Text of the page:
New Delhi, 18 Nov 2021 18:00 IST
Pushpendra Singh’s film is a visually mesmerizing work that contemplates the predicament of Kashmir.
Based on Vijaydan Detha’s story Kenchuli, Pushpendra Singh’s Laila Aur Satt Geet is set in Kashmir amongst a nomadic tribe, the Bakarwals. Structured around the titular ‘saat geet’ or seven songs, the film flows through the events in the life of its protagonist Laila while exploring her inner self through folk songs about marriage, migration, regret, attraction, realization, hope and renunciation.
A young herdsman Tanvir (Sadakkit Bijran) wishes to marry Laila (Navjot Randhawa). To be accepted, he must perform a show of masculinity involving the lifting of a huge rock over his shoulder. Although she is not quite keen to marry, they become husband and wife, travelling with Tanvir’s tribe across state borders. Soon, news of Laila’s beauty spreads in the village and the wolves come sniffing.
The local forest ranger Mushtaq (Shahnawaz Bhat) has a keen eye for beautiful women and wishes to make Laila his latest conquest. The local police officer, too, makes excuses to see her. Vulnerable but spirited, Laila faces them head-on as they scurry away, nursing their wounded pride but even more determined to tame her. Mushtaq is bent upon having his way and Laila seems equally bent upon thwarting his advances. But through their interplay, Laila begins to contemplate her life, her mundane relationship with her husband and starts feeling attracted to Mushtaq.
Through Laila’s predicament, the filmmaker comments on the excesses of power in a land where one must bow to the powers that be to survive. Tanvir informs his wife about the might of the security forces, unable to see the truth about Mushtaq’s intentions that are clear as day. Laila questions her husband’s show of masculine strength, wondering if that is enough to protect the family. Through it all, she goes through the motions as a wife and daughter-in-law, leading an existence that begins to disinterest her.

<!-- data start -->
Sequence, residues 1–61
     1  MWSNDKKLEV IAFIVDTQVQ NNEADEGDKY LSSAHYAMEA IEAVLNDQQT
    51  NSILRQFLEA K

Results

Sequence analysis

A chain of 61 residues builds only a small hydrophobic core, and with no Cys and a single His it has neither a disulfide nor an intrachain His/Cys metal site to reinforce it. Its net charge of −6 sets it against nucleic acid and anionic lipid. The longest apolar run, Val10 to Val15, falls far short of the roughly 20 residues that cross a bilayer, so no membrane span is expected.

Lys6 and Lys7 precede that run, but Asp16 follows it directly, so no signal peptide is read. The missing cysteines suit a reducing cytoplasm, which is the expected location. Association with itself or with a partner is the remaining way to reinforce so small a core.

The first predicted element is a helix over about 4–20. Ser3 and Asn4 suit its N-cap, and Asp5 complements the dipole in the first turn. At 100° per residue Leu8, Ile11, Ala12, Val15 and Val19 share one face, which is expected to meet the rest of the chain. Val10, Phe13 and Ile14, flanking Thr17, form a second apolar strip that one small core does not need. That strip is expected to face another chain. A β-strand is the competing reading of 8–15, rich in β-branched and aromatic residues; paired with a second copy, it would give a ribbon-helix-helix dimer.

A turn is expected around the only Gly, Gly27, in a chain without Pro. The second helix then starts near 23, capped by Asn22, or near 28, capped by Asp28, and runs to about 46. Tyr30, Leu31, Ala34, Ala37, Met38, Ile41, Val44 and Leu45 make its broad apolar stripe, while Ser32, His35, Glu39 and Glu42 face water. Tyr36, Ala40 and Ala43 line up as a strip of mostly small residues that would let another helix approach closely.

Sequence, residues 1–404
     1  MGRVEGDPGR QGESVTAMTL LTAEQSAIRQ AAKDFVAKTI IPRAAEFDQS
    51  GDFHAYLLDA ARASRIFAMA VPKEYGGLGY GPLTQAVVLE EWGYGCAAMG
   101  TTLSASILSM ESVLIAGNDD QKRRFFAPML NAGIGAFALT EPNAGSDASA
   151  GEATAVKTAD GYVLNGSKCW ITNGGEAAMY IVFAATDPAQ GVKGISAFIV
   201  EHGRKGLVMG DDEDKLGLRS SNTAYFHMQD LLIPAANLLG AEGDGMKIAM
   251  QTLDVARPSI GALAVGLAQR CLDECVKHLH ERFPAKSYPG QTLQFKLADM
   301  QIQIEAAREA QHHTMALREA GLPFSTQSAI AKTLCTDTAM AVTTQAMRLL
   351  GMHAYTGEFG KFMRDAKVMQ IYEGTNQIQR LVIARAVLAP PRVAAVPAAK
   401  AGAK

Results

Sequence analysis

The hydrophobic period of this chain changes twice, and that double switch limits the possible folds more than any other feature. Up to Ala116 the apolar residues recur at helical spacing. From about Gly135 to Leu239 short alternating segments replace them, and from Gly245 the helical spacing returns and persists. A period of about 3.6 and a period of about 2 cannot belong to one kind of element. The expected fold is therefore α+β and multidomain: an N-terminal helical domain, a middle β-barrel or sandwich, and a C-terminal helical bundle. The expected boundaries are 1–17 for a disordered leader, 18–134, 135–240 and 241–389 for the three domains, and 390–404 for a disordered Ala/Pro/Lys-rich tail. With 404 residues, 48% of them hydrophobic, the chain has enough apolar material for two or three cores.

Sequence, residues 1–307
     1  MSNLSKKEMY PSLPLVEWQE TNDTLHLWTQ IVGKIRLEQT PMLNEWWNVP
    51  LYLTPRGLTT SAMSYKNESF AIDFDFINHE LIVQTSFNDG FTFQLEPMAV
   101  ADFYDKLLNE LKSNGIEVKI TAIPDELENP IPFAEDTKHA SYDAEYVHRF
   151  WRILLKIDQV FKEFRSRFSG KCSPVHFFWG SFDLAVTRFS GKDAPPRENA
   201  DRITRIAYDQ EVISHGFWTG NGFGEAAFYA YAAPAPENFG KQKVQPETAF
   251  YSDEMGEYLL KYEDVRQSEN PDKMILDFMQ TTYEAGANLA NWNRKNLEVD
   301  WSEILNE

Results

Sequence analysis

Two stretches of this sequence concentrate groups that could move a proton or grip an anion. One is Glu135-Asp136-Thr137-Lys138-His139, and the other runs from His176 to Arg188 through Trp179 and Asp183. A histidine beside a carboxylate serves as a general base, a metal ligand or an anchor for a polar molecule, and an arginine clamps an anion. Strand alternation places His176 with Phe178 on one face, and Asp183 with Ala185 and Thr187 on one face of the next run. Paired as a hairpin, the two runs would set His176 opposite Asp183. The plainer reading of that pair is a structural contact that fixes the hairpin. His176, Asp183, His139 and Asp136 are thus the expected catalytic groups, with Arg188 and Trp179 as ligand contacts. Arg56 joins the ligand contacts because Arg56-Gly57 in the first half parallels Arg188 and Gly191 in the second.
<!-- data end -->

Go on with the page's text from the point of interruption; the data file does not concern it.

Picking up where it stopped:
Navjot Randhawa gives a riveting performance, bringing to life Laila’s feistiness, obstinacy and desire while channelling the renunciatory spirit of the devotee, paving the way for Laila’s detachment from her surroundings.
Pushpendra Singh melds fantasy with everyday reality to weave the tapestry of the inner recesses of the mind of Laila. Melding feminine agency and desire within the tumultuous political past and present of Kashmir, Laila Aur Satt Geet is a visually mesmerizing, enchanting tale of the land. ‘Kenchuli’ translates as ‘the remains of the snake’, signifying the skin shed by a snake after moulting. In the end, as Laila becomes one with the landscape, we wonder about the future of Kashmir and the past that the land must shed itself for a new beginning.
Laila Aur Satt Geet was screened as part of the Dharamshala International Film Festival 2021.